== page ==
One of the main reasons Medigate created our Clinical Device Efficiency (CDE) module was in direct response to our customers, who repeatedly told us they needed accurate data to improve their device management workflows. As we dug into this problem, some straightforward ways became apparent, and soon, CDE was in beta testing at key customer sites.


Now that some time’s passed since it became available on the market, I wanted to share some reported achievements that Medigate users have shared. And while it’s true that not every healthcare delivery organization (HDO) will achieve these types of results – as each environment is unique – the following is a list of 5 common ways our Clinical Device Efficiency product has helped our customers.


1. Accurate Data in the CMMS: Keeping the Computerized Maintenance Management System (CMMS) up-to-date typically requires a lot of manual data entry, which – let’s not lie – nobody’s got the time for. Since devices move around so much and keeping the CMMS updated is hard, it can quickly get out of hand!


A Critical-Access hospital customer connected their CMMS to the dynamic data coming from CDE independently. Usually, our world-class post-sales team works alongside a customer to integrate tools, but they self-served and were operational within minutes. Their organization has a consistent feed of matching data that regularly updates their CMMS!

2. BioMed Time: The saying, “Time is money,” rings true here. Every hour a highly trained and specialized Biomedical Engineer spends walking around looking for a device is a waste of their time and costs HDOs significant amounts of dollars each year, in addition to generating lots of frustration. 


A rural hospital system customer sent us an email detailing how the CDE module had reduced 400 hours of manual effort for BioMed (i.e., walking around) down to 2. Now they can do their jobs, meet front-line care staff, and find ways to support teams without the pressure of having to locate missing devices they can’t track down.


3. Reduced Annual Device Spend: On average, a hospital will replace around 10% of their clinical devices each year. This line item in your capital plan can be a costly and variable portion of the budget. While some of this replacement is needed due to lifecycle and device age, other pieces ensure staff has enough devices to do their job. But what about all the devices you bought last year? Where did all of those go?


A standalone hospital customer rejected a budget request for around 700 new devices by providing their unit with already purchased devices. The best part is that they saved a significant amount of money, and it did not prevent them from getting the tools they needed for the front-line care teams to do their job!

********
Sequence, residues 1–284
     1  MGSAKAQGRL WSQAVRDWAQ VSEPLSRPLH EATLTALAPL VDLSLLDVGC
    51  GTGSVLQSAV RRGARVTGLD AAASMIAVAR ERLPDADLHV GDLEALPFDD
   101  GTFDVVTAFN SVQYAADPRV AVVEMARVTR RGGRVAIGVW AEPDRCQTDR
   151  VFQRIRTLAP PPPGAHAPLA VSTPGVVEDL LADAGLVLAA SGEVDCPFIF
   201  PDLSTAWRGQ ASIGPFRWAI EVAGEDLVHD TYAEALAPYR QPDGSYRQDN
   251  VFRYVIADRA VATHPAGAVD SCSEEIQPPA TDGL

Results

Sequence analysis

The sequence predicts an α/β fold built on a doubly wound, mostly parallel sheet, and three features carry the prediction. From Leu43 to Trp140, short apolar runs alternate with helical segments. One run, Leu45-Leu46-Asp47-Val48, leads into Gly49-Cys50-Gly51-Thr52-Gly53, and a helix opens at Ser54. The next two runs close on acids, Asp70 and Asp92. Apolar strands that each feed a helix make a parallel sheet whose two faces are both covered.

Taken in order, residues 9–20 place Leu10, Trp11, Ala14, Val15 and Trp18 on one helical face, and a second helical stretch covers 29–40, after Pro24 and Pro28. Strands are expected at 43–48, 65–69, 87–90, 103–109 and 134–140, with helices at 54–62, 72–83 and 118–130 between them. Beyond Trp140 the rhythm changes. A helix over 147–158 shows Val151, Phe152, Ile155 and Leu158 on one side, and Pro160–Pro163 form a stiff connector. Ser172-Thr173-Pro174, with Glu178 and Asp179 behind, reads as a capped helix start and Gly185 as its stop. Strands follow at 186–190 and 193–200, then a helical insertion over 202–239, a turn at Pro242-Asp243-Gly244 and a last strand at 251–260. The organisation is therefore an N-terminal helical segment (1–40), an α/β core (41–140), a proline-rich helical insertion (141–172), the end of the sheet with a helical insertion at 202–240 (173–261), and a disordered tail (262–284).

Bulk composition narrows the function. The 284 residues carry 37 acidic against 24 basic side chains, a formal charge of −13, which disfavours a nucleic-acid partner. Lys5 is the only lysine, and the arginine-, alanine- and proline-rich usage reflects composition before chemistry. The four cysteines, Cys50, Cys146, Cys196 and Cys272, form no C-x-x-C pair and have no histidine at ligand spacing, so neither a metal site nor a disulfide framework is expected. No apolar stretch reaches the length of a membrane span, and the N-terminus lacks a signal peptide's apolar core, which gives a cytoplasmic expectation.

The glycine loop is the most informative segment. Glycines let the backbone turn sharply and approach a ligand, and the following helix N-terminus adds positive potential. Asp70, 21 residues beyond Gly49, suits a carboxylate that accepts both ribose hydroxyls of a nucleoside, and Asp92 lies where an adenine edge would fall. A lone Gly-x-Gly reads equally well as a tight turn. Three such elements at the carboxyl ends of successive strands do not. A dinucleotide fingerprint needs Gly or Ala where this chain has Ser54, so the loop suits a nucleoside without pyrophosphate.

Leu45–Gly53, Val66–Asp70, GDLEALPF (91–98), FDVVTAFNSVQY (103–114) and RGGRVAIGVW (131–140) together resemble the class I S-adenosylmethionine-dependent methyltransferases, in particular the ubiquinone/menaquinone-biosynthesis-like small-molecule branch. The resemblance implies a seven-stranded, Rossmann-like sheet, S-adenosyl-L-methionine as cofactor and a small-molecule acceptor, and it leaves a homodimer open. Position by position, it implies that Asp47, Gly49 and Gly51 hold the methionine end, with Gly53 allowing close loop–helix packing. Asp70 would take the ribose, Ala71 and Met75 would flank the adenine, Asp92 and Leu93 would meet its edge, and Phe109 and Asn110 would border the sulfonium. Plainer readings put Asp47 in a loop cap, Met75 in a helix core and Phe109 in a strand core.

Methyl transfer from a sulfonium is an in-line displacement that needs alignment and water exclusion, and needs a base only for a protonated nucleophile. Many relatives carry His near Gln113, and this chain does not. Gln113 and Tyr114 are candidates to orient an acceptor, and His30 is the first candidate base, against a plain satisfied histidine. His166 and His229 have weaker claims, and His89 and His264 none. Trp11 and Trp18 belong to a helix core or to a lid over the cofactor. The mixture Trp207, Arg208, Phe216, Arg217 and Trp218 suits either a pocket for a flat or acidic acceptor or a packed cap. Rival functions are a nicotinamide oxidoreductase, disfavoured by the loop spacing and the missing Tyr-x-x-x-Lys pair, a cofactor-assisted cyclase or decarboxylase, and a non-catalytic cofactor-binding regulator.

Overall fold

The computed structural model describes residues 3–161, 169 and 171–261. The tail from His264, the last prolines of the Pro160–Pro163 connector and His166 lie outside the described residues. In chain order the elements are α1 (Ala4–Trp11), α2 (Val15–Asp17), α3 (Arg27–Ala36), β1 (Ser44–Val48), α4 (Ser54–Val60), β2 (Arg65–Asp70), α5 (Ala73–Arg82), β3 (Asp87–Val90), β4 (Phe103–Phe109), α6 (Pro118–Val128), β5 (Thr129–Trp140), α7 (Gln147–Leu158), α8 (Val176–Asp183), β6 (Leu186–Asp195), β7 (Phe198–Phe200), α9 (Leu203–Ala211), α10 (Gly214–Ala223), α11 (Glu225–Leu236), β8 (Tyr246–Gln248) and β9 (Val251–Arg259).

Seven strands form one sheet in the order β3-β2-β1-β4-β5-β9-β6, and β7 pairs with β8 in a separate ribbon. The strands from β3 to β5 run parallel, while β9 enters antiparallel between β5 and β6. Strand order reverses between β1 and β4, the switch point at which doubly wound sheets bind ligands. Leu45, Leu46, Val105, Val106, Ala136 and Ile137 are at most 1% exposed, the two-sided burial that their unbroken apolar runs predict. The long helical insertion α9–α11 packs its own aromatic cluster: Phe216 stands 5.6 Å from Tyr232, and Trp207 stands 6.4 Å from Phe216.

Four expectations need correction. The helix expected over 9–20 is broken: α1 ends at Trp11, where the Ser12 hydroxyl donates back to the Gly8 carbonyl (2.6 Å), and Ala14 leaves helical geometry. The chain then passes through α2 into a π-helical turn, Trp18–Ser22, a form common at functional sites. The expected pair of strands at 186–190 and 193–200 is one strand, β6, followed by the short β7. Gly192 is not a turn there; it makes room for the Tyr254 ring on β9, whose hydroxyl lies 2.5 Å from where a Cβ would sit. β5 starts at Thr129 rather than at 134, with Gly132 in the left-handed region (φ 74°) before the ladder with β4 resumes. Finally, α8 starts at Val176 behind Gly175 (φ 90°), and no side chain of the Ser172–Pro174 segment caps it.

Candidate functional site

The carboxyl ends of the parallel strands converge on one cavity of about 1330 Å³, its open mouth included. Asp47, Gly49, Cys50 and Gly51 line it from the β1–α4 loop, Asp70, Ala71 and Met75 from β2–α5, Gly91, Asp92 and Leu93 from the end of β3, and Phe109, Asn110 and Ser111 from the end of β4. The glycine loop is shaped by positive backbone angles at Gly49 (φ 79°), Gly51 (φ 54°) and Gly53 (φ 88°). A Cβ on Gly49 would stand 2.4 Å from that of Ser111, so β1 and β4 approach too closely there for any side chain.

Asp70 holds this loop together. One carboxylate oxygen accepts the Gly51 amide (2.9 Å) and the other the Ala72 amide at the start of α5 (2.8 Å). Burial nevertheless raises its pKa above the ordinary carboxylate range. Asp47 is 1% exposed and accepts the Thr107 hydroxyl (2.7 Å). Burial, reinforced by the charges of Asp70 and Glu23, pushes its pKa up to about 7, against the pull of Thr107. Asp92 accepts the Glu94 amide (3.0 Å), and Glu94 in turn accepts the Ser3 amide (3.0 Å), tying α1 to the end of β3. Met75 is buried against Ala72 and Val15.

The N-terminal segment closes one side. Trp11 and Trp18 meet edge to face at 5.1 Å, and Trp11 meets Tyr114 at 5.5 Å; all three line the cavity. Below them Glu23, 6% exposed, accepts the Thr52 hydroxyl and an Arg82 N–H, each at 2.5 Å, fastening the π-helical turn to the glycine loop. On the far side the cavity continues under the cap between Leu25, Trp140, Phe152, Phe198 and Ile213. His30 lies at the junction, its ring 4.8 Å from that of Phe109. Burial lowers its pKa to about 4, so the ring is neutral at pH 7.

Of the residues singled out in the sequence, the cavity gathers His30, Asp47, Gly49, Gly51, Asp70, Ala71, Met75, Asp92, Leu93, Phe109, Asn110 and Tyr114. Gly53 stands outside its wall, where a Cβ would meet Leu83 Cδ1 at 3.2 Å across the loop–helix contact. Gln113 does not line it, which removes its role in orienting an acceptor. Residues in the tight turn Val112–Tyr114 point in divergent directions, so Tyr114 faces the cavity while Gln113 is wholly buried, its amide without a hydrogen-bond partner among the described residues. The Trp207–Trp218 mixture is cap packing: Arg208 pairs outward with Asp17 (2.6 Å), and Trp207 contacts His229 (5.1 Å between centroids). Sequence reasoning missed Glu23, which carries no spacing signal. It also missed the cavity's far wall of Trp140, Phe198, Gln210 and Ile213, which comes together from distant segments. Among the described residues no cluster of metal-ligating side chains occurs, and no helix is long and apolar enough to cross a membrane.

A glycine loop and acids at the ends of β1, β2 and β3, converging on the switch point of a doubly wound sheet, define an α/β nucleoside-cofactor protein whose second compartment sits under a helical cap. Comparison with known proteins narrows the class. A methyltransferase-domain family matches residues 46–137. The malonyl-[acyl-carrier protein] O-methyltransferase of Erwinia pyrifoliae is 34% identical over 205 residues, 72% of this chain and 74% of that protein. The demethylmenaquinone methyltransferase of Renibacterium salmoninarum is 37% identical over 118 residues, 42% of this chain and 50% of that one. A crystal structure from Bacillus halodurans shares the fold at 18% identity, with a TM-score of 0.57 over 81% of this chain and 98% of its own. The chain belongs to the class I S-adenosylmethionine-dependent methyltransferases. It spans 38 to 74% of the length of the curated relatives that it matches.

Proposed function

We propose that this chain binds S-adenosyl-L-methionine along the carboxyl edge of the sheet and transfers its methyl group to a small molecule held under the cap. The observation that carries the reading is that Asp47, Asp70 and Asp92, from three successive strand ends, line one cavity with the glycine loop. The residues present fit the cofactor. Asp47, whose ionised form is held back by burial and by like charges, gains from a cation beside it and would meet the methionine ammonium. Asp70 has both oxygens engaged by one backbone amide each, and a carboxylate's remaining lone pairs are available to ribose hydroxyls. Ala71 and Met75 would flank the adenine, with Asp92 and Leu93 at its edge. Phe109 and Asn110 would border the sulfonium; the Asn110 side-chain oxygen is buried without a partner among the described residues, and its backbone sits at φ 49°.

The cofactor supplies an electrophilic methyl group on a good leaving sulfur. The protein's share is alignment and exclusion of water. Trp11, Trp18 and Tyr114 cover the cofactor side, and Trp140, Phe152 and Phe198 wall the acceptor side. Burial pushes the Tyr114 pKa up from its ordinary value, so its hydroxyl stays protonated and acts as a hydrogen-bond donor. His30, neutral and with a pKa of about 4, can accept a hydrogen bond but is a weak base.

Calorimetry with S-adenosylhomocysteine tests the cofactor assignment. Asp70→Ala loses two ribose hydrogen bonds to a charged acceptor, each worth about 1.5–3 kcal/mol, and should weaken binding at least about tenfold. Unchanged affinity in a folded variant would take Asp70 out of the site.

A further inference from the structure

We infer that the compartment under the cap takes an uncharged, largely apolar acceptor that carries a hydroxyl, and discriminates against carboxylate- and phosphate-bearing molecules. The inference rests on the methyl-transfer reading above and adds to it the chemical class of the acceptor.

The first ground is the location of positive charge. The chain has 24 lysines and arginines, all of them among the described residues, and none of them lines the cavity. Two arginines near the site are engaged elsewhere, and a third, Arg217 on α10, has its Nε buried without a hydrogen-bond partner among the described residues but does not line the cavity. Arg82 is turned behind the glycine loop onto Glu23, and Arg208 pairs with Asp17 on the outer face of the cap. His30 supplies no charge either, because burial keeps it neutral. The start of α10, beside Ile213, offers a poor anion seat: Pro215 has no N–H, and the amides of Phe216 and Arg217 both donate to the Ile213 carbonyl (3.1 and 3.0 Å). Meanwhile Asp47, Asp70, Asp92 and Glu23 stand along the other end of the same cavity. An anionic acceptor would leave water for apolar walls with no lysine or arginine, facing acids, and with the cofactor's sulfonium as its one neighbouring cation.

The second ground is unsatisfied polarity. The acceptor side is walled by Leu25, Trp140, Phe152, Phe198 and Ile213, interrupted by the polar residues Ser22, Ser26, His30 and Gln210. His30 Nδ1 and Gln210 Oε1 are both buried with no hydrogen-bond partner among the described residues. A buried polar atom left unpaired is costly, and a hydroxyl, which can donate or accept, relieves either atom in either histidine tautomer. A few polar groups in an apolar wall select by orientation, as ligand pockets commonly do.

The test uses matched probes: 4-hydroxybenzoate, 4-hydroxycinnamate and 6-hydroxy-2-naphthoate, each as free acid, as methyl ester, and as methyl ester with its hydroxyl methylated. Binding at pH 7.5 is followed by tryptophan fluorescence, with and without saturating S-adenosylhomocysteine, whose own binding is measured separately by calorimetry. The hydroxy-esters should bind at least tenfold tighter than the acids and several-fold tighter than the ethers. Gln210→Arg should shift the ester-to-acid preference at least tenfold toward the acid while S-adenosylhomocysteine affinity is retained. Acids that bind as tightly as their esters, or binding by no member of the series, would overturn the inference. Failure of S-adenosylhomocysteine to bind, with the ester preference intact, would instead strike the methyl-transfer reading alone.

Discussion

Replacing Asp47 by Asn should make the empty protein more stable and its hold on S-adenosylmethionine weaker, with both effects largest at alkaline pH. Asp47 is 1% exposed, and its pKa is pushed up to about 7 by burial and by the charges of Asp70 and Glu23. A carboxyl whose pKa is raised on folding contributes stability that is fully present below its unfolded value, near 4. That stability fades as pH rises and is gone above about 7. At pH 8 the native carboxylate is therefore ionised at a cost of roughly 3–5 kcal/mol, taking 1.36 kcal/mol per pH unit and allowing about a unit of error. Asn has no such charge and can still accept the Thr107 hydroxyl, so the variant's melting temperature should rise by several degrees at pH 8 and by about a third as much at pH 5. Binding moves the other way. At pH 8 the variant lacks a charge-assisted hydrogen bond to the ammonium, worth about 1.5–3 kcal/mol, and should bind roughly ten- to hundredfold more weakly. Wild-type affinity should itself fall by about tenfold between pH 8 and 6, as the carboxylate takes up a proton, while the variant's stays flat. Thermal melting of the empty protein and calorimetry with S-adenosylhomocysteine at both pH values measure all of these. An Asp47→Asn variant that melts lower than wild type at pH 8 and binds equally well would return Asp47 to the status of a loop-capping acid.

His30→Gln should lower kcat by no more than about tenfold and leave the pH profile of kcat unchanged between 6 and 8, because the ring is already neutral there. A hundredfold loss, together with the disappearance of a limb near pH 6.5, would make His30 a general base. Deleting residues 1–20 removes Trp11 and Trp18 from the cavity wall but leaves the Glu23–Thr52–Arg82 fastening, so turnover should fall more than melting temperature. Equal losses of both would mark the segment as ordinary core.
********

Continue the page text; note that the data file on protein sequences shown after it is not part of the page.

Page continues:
4. Device Availability: Keeping devices out on the patient floors so that front-line staff can use them for patient care is one of the goals for most HTM departments. No Biomedical Engineer wants to take devices from nurses even though they need to. The end goal is always for a nurse to find what they need when they need it.


An Academic Medical Center customer found around 3,000 devices that hadn’t connected to the network in over six months. Some had been marked as lost in the CMMS, but remarkably, all of them were hiding somewhere on a patient care floor! By finding and returning them to service, they experienced the benefit of 3,000 new devices for the front-line team without the cost.


5. Heavy Iron Acquisition Costs: Large radiological devices cost millions for the device and the construction to prep the physical space for these complex machines. With this cost being so high, any additional requisitions for these devices are scrutinized heavily. Tracking the types of studies done by these devices can provide a baseline for evaluation to help determine future acquisition needs. 


An urban hospital customer had had some patient backlog, so radiology requested a new device. The Medigate data showed that an existing device could have a software upgrade and be made available for the type of backlogged advanced studies. Instead of buying a new appliance, this software upgrade was a cheap alternative!


These outcomes aligned with the challenges our customers asked us to solve, so it’s encouraging to see some early results from CDE in live environments. We constantly get more feedback and have introduced new ideas to streamline workflows. I, for one, am looking forward to hearing back from live customer environments soon. And I hope you are too.

To learn more about Clinical Device Efficiency, visit